From Endurance to Dressage
Izzy Under Saddle
Izzy has proven to be very easy to train. It only takes a few times for me to show him what I want, and then he's got it - with no flashbacks to earlier behavior.
In the months that I've owned him, I've worked on polishing up a bit of the rough edges before moving on to riding and schooling. Most were simple things, but until your horse does them correctly, they're annoying and slow down the process.
Lowering his head was the first thing that needed to be tackled. His go-to avoidance was to simply raise his head as high as he could to avoid whatever it was that was asked of him. And at 16'3, he can get his head much, much higher than my vertically challenged body can reach.
Before I even worked on bridling him, I had to ease his concern about the reins going up over his head. He wan't terrified, but he didn't know what I was going to do, so he raised his head as high as he could to avoid the reins passing in front of his eyes. I worked on that in a halter for a few days until I could swing the lead rope all around his head while he grazed or just stood with his nose brushing the ground.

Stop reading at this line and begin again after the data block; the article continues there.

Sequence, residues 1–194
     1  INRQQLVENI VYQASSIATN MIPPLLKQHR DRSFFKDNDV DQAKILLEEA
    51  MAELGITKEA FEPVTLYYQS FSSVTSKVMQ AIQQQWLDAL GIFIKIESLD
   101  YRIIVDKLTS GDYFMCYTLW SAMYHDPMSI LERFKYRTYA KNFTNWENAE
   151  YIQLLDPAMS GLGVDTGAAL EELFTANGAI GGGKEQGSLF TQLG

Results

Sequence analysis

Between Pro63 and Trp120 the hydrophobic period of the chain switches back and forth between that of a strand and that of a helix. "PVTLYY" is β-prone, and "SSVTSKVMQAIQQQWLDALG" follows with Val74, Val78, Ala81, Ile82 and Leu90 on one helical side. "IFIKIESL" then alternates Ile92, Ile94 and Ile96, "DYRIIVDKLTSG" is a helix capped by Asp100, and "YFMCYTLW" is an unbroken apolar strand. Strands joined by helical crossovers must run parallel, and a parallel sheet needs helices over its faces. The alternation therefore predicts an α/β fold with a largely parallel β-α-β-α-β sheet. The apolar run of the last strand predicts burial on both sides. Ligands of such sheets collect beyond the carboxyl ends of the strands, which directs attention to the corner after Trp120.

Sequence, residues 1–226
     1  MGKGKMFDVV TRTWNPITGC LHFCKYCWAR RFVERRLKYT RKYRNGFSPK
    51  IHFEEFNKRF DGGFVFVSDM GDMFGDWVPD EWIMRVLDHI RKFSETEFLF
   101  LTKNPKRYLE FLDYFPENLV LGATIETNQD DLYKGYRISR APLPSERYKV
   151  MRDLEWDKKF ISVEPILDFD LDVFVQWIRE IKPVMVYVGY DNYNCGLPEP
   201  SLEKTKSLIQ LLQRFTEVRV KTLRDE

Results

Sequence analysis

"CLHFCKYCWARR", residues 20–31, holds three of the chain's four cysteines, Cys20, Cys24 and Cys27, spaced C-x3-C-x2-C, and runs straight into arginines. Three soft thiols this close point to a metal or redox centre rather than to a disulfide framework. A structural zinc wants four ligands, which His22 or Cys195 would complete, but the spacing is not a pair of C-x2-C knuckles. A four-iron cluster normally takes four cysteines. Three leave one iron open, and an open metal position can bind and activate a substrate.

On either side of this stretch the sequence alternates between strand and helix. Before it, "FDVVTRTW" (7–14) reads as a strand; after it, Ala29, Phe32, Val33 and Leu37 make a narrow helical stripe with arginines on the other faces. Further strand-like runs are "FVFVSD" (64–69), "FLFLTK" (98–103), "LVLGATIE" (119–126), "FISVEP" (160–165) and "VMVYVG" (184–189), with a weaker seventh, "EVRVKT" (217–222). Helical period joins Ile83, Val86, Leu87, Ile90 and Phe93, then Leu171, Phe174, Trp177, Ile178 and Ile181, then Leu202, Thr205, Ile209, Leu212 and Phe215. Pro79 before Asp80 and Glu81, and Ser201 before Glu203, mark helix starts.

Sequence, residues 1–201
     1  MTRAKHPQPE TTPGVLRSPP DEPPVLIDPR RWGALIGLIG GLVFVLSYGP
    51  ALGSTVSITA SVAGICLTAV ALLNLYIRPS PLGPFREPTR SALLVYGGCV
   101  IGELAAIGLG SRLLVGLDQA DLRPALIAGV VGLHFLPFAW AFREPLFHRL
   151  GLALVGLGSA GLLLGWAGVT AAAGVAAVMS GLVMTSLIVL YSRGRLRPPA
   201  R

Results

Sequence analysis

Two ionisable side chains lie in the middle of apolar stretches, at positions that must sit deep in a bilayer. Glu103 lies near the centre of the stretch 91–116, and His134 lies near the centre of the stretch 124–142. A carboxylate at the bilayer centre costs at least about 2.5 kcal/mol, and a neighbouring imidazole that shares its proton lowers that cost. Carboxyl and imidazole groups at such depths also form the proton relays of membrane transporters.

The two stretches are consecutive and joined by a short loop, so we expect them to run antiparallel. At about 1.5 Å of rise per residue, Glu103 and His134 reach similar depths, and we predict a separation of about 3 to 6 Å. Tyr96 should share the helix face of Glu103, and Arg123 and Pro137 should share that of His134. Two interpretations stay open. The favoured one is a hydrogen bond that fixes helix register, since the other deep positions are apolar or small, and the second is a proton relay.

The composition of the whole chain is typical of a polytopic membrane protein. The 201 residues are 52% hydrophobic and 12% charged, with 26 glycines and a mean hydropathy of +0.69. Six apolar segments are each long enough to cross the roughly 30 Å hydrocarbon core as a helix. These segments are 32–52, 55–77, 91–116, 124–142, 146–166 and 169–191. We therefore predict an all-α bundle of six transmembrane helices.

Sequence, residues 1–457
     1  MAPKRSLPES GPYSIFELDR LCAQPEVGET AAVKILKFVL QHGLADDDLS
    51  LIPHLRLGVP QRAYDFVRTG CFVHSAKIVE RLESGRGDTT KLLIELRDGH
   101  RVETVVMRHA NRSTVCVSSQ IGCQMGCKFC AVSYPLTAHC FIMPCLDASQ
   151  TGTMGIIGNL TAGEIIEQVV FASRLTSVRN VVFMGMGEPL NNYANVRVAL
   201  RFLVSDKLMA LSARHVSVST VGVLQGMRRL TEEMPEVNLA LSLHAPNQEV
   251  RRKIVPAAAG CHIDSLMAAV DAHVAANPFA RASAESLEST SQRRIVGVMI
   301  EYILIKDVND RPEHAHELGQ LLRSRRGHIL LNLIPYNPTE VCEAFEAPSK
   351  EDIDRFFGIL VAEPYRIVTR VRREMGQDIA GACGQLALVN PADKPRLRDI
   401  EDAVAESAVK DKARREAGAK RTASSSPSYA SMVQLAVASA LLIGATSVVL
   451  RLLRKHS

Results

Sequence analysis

When it came time to bridle, the lower your head cue was well imbedded. It took one or two lessons to teach him how to drop his head to be unbridled, but now, as soon as he walks into the cross ties after being ridden, he has his head dragging on the ground because he knows that's how the bridle "falls off."
The first time I tried to put on the fly mask, his lifted his head with a concerned look in his eyes. It took me two mini-training sessions to show him that the fly mask is his friend. Just like everything else, he now lowers his head on command.
I share all of this to illustrate that he is quite easy to train. He doesn't explode or fight. He evades if he can, and when he can't, it seems as though he is internalizing his tension rather than acting out like my other horses have done.